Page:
can establish a long-lived channel with a server.  Such a channel
   persists across HTTP requests, TLS connections, and even multiple TLS
   sessions, as long as the same client communicates with the same
   server.

   The basic idea is that the client proves, during the TLS handshake,
   possession of a private key.  The corresponding public key becomes
   the "Channel ID" that identifies this TLS connection.  Clients should
   re-use the same private/public key pair across subsequent TLS
   connections to the same server, thus creating TLS connections that
   share the same Channel ID.

   Using private/public key pairs to define a channel (as opposed to,
   say, an HTTP session cookie) has several advantages: One, the
   credential establishing the channel (the private key) is never sent
   from client to server, thus removing it from the reach of
   eavesdroppers in the network.  Two, clients can choose to implement
   cryptographic operations in a secure hardware module, which further
   removes the private key from the reach of eavesdroppers residing on
   the client itself.







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2.  Why not client certificates

   TLS already supports a means of identifying clients without using
   bearer tokens: client certificates.  However, a number of problems
   with using client certificates motivated the development of an
   alternative.

   Most importantly, it's not acceptable for a client identifier to be
   transmitted in the clear and client certificates in TLS are sent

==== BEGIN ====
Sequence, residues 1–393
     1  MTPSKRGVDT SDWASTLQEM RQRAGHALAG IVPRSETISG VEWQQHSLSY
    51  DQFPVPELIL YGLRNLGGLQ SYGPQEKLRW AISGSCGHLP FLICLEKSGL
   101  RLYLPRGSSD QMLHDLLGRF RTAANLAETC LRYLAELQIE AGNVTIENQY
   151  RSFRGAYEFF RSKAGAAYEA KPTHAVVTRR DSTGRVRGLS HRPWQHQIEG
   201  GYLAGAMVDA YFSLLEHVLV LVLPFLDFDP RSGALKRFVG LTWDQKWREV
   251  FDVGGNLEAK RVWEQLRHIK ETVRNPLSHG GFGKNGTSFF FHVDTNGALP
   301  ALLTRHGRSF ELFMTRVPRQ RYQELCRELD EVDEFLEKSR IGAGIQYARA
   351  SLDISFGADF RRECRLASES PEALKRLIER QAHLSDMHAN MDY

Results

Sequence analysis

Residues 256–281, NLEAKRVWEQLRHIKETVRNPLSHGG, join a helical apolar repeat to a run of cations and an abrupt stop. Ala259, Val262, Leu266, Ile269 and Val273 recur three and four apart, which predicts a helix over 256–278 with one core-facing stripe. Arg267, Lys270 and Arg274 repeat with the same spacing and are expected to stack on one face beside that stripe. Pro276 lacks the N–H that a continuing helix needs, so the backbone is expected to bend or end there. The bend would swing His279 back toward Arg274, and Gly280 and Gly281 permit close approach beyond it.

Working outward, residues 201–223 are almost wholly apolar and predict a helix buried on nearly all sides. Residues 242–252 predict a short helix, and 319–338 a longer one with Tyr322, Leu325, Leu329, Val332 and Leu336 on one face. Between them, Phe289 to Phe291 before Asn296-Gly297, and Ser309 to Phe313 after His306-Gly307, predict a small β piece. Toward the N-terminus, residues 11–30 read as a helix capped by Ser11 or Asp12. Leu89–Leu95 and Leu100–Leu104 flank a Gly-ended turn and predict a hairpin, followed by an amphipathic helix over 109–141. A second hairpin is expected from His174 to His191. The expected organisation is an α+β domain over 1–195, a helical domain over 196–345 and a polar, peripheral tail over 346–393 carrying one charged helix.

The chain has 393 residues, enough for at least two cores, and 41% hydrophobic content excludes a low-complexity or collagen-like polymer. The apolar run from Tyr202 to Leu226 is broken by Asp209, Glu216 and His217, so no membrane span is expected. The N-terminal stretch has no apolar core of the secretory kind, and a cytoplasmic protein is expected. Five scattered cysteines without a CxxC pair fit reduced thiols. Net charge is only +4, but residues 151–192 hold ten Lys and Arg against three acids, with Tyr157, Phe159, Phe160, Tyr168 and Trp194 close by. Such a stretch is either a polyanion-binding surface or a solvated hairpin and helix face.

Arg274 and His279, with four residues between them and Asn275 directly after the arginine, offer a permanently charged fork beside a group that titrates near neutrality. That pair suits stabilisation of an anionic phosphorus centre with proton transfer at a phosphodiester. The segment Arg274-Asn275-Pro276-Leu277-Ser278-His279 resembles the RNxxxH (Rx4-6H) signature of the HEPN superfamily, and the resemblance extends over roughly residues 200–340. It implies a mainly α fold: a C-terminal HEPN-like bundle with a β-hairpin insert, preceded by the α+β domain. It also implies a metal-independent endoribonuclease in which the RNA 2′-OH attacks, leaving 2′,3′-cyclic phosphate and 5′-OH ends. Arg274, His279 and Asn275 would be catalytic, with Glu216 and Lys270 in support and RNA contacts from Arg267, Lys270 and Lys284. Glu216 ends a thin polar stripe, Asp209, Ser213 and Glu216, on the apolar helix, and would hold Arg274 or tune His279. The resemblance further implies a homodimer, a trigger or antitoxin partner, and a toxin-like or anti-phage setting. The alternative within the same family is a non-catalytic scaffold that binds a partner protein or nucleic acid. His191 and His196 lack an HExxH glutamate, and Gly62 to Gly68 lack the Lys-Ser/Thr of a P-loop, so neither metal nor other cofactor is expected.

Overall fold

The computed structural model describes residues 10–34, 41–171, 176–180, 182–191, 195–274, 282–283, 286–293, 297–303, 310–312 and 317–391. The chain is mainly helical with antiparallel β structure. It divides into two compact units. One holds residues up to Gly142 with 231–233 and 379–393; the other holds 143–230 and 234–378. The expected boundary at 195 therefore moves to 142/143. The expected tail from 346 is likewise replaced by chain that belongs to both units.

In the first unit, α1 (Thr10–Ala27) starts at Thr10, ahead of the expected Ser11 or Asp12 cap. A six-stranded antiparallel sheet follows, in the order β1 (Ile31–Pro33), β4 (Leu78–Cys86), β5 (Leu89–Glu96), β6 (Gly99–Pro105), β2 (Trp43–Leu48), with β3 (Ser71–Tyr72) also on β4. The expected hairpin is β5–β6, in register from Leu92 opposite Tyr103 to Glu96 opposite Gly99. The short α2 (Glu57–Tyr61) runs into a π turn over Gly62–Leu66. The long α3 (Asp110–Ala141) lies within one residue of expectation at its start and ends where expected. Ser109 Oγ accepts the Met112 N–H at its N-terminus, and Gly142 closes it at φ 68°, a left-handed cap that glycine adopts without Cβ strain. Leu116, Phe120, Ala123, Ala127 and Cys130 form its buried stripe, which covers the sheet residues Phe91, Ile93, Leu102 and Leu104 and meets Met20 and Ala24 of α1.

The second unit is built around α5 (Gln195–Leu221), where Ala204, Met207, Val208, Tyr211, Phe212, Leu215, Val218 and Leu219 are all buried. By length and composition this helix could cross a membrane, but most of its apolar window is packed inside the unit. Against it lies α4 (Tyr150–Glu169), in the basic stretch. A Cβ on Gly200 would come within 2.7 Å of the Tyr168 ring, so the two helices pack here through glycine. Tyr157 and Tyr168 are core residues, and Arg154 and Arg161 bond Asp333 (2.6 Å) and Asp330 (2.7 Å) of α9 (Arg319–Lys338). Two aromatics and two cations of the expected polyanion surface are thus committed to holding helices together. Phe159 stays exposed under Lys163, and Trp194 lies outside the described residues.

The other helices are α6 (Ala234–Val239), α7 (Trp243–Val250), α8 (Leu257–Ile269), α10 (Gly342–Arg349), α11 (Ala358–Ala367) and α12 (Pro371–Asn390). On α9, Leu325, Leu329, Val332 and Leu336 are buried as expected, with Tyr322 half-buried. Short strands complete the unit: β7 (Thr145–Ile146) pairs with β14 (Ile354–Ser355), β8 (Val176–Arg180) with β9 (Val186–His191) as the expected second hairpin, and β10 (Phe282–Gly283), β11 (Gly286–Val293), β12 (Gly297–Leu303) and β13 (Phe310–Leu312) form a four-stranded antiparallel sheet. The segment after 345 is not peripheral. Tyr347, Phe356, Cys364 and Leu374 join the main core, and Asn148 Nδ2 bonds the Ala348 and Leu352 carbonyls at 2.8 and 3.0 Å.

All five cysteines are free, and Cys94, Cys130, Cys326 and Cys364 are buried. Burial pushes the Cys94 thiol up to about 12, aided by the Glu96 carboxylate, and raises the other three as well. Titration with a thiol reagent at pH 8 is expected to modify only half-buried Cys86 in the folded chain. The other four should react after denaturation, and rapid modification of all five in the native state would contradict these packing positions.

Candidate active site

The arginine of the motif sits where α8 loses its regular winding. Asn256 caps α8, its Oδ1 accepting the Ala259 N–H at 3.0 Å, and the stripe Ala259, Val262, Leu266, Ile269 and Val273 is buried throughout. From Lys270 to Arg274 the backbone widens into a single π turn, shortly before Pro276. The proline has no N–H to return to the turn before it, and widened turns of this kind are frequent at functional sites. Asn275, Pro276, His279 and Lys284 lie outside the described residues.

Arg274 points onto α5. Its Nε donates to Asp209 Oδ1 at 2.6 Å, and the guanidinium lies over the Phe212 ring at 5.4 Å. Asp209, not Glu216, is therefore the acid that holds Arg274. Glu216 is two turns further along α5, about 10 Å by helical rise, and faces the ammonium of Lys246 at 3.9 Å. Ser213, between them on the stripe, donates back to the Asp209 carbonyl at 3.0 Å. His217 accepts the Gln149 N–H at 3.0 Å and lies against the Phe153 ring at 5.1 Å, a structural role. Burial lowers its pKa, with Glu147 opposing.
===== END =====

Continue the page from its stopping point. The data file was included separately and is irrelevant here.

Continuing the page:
unencrypted.  Although we could also define a change to the TLS state
   machine to move the client certificates under encryption, such
   changes eliminate most of the benefits of reusing something that's
   already defined.

   TLS client certificates are also defined to be part of the session
   state.  This turns session resumption secrets into equivalent barer
   tokens; completely defeating our objectives.

   Client-certificates typically identify a user, while we seek to
   identify machines.  Since they are not, conceptually, mutually
   exclusive and as only a single client certificate can be provided in
   TLS, we don't want to consume that single slot and eliminate the
   possibility of also using existing client certificates.

   Client certificates are implemented in TLS as X.509 certificates and
   we don't wish to require servers to parse arbitrary ASN.1.  ASN.1 is
   a complex encoding that has been the source of several security
   vulnerabilities in the past and typical TLS servers can currently
   avoid doing ASN.1 parsing.

   X.509 certificates always include a signature, which would be a self-
   signature in this case.  Calculating and transmitting the self-
   signature is a waste of computation and network traffic in our use.
   Although we could define a null signature algorithm with an empty
   signature, such deviations from X.509 eliminate many of the benefits
   of reusing something that is already implemented.

   Finally, client certificates trigger significant server-side
   processing by default and often need to be stored in their entirety
   for the duration of the connection.  Since this design is intended to
   be widely used, it allows servers to retain only a cryptographic hash
   of the client's public key after the handshake completes.









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3.  Requirements Notation

   The key words "MUST", "MUST NOT", "REQUIRED", "SHALL", "SHALL NOT",
   "SHOULD", "SHOULD NOT", "RECOMMENDED", "MAY", and "OPTIONAL" in this
   document are to be interpreted as described in RFC 2119 [RFC2119].














































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4.  Channel ID Extension

   A new extension type ("channel_id(TBD)") is defined and MAY be
   included by the client in its "ClientHello" message.  If, and only
   if, the server sees this extension in the "ClientHello", it MAY
   choose to echo the extension in its "ServerHello".  In both cases,